How to avoid building a biased AI
6 min read
“Alexa, tell me the news?”
This is probably not far off something you’ve absentmindedly asked your Amazon Echo, Google Assistant, Cortana or Siri while sipping your morning coffee, letting her neutral, cordial tones shower you with information about the world.
The popularity of Alexa and other smart speakers is increasing, and according to YouGov these devices are now present in 11% of all British homes. It’s predicted that internet-connected devices such as smart speakers, smartphones and web-connected TVs will outnumber actual humans by 2021. Yet we know so little about them, how they work, why they act the way they do and how they are shaping our future.
Let’s start at the beginning of voice robot history. The familiar automated voices we have today are actually the grandchildren of those used in the warning systems of World War II fighter jets. A calm, tranquil, cordial, female voice was favoured by the 40s fighter pilots, who lovingly named the announcer “Bitching Betty”.
Betty quickly became the default vocal idealisation of virtual help, and her voice characteristics and associations echo throughout the history of similar systems. The voice of the London Underground is named Sonia, apparently because she gets on ya nerves. Betty’s British military cousin is known as “Nagging Nora”. Charming.
In her article “Gendering a Warbot”, Dr Heather Roff, Senior Research Analyst at Johns Hopkins University’s Applied Physics Laboratory explains: “Masculine humanoid robots will be deemed ideal warfighters, while feminine humanoid robots will be tasked with research or humanitarian efforts, thereby reinstituting gendered roles.”
It seems we keep building more Betties simply because we’re following the lead of a team of all male, all white, ivy-league-educated pilots, from 80 years ago. Do we consider why we associate the voice of a supermarket till more readily with a woman, and that of a super-destructive-fighter-robot with a gruff man who assures us that he’ll be back. We are whittling our unconscious biases into the robots and AI that we’re building, selling and welcoming into our homes.
So what’s the problem with fighterbots mimicking males and say, nursing robots having more female characteristics? It’s just a machine after all.
As Roff explained, robots enhance and confirm antiquated biases on gender roles. But we must also consider that at a time when we increasingly let machines control our daily lives, our decision-makers may be biased. Several such examples of prejudiced robots have already been popping up in the news.
According to Reuters, Amazon recently “fired” the robot they’d spent almost five years developing because it was penalising female applicants. According to The Globe and Mail, the University of Washington studied the Google Search Engine and also found a bias against women. At the time of the study, 27% of American CEOs were women, but the Google Image search of “CEO” only displayed female CEOs in 11% of the images, with “CEO Barbie” ranking higher than most real ones.
Sexism is just one of the challenges facing consciousness creators. Stories of racist technological dysfunction are becoming more frequent. From iPhones not recognising differences between the faces of women with East-Asian traits, to the government having to interfere with controversial use of facial recognition tech by the police.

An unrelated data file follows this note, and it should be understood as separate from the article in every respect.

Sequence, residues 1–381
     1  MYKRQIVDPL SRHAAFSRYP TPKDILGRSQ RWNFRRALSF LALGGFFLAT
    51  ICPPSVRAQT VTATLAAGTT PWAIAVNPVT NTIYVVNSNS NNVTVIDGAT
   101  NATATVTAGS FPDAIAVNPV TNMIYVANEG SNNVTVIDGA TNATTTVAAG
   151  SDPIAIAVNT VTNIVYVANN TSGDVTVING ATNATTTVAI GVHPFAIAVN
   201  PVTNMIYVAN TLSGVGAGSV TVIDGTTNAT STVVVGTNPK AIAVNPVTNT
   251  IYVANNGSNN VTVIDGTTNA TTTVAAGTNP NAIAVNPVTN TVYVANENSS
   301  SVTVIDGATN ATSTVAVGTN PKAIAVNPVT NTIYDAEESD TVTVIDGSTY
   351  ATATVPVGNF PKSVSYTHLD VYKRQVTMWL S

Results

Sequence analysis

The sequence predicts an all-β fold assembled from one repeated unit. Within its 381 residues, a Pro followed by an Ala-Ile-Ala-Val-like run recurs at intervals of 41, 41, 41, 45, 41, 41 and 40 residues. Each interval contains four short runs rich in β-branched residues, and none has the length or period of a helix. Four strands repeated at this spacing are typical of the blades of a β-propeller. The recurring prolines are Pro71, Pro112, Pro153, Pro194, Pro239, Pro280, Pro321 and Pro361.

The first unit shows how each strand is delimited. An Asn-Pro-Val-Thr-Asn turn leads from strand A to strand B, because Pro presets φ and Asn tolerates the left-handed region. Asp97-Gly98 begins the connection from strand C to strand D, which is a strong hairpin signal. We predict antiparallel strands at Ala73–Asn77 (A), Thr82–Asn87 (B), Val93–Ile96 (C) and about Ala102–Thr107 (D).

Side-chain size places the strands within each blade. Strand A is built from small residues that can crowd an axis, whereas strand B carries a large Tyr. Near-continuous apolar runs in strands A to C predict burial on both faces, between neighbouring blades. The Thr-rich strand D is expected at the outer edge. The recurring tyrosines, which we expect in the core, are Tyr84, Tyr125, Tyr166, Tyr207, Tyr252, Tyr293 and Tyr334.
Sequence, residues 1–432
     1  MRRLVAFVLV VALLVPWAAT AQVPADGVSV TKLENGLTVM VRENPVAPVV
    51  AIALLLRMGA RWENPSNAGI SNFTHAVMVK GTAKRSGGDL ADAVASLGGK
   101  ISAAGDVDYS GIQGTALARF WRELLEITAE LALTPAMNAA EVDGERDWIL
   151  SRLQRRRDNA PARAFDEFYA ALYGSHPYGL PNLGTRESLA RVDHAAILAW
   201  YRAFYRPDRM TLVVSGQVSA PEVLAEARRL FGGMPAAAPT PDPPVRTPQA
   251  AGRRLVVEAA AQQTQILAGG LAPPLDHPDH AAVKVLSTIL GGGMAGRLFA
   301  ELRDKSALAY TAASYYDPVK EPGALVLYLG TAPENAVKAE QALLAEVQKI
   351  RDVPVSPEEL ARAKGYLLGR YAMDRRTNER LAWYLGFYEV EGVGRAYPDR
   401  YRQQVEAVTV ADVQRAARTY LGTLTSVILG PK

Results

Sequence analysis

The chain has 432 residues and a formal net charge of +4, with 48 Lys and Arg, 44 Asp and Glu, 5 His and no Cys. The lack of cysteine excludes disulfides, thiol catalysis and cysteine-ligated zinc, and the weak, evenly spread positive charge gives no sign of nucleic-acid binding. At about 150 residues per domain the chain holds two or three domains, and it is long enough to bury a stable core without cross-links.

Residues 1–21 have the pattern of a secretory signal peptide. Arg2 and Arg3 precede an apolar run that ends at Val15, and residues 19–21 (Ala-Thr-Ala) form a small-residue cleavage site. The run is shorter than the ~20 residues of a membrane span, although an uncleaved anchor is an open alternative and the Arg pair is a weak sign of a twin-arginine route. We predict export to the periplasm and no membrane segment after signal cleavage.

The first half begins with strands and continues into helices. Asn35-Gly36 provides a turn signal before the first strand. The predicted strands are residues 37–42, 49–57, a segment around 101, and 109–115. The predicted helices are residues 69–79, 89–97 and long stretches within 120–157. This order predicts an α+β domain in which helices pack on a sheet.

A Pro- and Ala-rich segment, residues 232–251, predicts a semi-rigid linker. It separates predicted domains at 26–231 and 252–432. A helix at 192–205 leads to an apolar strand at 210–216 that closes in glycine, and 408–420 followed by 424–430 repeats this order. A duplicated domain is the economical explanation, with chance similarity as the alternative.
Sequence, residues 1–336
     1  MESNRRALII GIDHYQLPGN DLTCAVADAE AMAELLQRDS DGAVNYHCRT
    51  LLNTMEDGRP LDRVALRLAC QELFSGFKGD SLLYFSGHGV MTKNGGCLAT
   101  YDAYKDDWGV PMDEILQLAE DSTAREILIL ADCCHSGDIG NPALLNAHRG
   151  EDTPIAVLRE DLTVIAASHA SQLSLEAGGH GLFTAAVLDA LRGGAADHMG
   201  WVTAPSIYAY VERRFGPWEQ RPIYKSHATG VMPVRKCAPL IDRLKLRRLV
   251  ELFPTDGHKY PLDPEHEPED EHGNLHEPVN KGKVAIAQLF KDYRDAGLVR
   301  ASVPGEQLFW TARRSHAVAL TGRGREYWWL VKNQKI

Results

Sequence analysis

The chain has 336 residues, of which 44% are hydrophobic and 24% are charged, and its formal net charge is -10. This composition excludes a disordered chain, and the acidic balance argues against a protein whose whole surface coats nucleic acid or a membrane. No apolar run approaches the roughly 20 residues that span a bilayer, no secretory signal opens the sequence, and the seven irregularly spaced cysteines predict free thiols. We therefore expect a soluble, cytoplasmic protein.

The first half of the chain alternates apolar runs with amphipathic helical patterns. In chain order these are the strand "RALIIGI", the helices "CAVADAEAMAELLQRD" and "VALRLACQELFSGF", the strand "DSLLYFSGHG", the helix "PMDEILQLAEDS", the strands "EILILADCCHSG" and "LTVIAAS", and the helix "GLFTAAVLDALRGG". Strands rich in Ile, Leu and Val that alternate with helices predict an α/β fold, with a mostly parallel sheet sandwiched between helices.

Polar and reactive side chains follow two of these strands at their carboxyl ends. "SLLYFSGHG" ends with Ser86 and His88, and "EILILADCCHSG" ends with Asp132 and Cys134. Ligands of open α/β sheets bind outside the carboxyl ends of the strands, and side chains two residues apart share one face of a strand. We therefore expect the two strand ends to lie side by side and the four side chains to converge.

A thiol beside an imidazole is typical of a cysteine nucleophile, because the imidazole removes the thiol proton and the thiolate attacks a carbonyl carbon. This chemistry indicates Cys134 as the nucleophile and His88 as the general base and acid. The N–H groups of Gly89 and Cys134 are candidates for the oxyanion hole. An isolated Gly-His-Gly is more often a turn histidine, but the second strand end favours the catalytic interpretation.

In a recent study led by MIT researcher Joy Buolamwini and partner Timnit Gebru on several AI facial-analysis programmes from major tech companies, the systems showed a 0.8% error rate when analysing faces of light-skinned men, compared to a 34% error rate when trying to analyse faces of dark-skinned women. While technology is supposed to be the great blind equaliser, offering universal benefits, it seems at times AI is unintentionally tailored to the white man.
Robots are built by humans, and so reflect the way that humans interact. The good news is that if we don’t like the reflection we see, it is within our power to change it. A simple solution might be to ensure that the teams building robots, are representative of the populations the robots are intended to serve. As a founder of any tech-related company will know, hiring such a workforce is no easy task, but the opportunity to be seized is also a big one. Making tech that serves more people appropriately, will increase your market potential. Making tech that serves more people, will shape the future.
So what can we do? We can start by resetting, and ensuring that we are doing everything we can to create a work environment, recruitment process and company culture that is inclusive towards your non-typical tech employee and encourage others to do the same. And take a leaf out of Nora’s book, and nag. Be self-critical, open, ask questions and educate yourself about your own biases and their potential impact.
Not to be overly dramatic, but developing products on a basis that isn’t representative can be dangerous, and even fatal. Take the example of car safety standards and the crash test dummy. By using 6 foot, 180kg models, testing has unintentionally put at risk anyone shorter or lighter. This leaves women and children 17% more likely to die in a car crash when controlled for other factors. Let’s not make similarly dangerous assumptions in digital, when designing, for example, self-driving cars.
We must be questioning of the technology we create, sell, use and abuse. Your Alexa has probably answered hundreds of your questions. The beginning of rebooting our sexist robots may not start with robots at all, but with more people asking themselves why their robots are the way they are, how this came to be, and if they are happy with the results.
Perhaps the correct question to ask is “Alexa, why are you a woman?”
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